3 More Sentences Lacking One Word to Be Correct
Often, when readers stumble on a faultily constructed sentence, the obstacle is merely one seemingly inconsequential word—or, more accurately, the omission of what is actually an essential component of the sentence. In each example below, one missing word throws off the sentence. Discussion and a revision point the way to a coherent statement.
1. Management’s assumptions about markets, customers, competition, technology, regulatory and other external factors are fundamentals that shape the organization’s strategy.
This sentence is constructed as if regulatory and “other external factors” are distinct list items, but they are actually part of the same unit—regulatory and “other external” each modifies factors, so the sentence must be slightly reorganized to reflect that fact: “Management’s assumptions about markets, customers, competition, technology, and regulatory and other external factors are fundamentals that shape the organization’s strategy.”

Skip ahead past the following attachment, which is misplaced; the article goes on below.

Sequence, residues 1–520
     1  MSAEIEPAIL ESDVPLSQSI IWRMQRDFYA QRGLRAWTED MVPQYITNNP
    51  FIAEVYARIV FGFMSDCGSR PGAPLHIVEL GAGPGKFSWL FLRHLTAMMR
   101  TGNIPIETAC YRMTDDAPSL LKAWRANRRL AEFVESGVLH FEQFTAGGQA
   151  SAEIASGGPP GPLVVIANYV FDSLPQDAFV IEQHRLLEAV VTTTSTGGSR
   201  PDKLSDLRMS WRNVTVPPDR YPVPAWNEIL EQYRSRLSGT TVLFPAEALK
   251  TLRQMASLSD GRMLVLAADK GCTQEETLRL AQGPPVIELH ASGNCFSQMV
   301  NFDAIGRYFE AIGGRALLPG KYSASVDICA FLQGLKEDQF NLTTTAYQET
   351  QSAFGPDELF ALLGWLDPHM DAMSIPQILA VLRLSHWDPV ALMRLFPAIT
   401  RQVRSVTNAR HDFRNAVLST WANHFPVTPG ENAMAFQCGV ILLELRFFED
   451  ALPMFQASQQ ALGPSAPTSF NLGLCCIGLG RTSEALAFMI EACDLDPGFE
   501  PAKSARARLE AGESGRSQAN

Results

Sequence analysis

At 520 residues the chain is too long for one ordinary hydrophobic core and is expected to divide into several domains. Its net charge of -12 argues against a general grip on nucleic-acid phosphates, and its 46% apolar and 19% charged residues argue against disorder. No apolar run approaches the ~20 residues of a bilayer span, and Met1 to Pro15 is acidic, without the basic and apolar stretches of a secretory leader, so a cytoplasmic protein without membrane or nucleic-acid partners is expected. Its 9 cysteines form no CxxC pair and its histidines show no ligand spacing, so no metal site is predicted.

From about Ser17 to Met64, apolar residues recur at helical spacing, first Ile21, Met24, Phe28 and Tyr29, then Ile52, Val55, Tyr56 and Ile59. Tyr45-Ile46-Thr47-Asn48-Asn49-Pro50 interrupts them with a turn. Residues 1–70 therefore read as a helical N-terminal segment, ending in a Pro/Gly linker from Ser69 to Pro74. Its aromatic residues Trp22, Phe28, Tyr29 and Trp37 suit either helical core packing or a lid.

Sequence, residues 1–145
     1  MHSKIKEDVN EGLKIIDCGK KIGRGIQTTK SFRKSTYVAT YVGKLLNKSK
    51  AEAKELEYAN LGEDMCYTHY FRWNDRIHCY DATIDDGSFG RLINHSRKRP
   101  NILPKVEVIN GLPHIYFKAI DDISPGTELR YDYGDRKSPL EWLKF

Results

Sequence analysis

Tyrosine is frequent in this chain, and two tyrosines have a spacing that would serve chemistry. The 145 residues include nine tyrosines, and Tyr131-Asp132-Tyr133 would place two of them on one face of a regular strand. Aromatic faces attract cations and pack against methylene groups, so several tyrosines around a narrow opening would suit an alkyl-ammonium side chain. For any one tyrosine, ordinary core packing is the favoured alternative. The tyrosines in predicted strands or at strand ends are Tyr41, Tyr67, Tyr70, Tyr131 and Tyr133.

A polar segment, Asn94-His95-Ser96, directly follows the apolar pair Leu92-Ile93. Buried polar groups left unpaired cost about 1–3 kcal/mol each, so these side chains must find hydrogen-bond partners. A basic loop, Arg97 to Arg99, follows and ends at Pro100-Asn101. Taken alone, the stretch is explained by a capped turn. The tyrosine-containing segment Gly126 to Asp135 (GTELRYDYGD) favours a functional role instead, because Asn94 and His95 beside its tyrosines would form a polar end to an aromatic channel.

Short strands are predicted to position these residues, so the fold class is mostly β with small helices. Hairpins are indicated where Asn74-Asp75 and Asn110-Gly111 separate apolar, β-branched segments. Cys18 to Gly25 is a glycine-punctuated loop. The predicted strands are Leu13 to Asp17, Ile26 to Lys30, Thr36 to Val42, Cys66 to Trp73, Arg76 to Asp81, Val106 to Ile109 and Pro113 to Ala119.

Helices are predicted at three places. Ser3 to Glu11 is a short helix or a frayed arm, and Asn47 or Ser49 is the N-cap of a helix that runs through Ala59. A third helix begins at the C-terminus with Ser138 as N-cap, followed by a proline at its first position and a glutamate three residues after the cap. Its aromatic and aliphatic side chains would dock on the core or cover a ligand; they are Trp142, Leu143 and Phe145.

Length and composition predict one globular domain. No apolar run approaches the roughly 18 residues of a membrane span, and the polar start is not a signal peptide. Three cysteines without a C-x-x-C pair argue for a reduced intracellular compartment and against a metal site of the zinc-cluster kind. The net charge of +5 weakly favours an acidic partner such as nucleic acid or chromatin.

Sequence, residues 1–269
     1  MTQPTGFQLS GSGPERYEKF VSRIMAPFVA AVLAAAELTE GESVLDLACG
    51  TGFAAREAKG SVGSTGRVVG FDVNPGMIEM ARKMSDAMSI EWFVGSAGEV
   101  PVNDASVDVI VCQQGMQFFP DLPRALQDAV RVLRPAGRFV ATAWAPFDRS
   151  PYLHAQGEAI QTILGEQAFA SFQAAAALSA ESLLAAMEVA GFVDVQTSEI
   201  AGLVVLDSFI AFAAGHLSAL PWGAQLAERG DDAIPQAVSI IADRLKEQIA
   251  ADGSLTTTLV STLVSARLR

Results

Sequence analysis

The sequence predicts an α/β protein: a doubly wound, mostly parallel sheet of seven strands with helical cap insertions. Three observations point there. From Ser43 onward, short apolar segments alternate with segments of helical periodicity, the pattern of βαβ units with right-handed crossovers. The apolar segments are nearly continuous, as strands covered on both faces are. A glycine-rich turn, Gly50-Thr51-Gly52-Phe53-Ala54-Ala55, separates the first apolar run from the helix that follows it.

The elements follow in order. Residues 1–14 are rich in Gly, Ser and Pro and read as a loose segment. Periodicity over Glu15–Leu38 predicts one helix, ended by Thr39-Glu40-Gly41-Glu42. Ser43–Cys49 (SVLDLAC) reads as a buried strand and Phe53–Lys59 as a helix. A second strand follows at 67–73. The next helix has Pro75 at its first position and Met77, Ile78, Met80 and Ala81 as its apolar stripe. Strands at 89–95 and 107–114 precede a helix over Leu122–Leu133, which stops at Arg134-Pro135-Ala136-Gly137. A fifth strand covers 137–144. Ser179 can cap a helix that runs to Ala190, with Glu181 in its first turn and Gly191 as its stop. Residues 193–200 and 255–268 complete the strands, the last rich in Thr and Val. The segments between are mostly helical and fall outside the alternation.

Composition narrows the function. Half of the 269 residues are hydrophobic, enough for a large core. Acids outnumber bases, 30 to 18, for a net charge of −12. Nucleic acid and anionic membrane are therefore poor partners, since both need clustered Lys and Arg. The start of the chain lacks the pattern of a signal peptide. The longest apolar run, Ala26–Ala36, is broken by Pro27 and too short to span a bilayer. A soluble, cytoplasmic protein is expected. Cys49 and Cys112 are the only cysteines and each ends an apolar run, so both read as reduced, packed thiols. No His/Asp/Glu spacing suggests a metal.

2. What has worked in the past can and will change by the season, day, or even the hour.
The article the before season can carry the weight of all three nouns that follow it (“What has worked in the past can and will change by the season, day, or even hour”), but the sentence flows better if each noun is assigned its own article: “What has worked in the past can and will change by the season, the day, or even the hour.” Revising the sentence to reflect one alternative or the other is necessary, because if all three nouns do not share one article, day must, like the others, have its own.
3. The above list is not intended to be all-inclusive or suggest that companies not take advantage of resources.
The sentence syntax dictates that what precedes or and what follows it be equivalent, so each phrase should be preceded by the infinitive to; otherwise, the implication is that the reader is to understand that the equivalents are “be all-inclusive” and “be suggest”: “The above list is not intended to be all-inclusive or to suggest that companies not take advantage of resources.”
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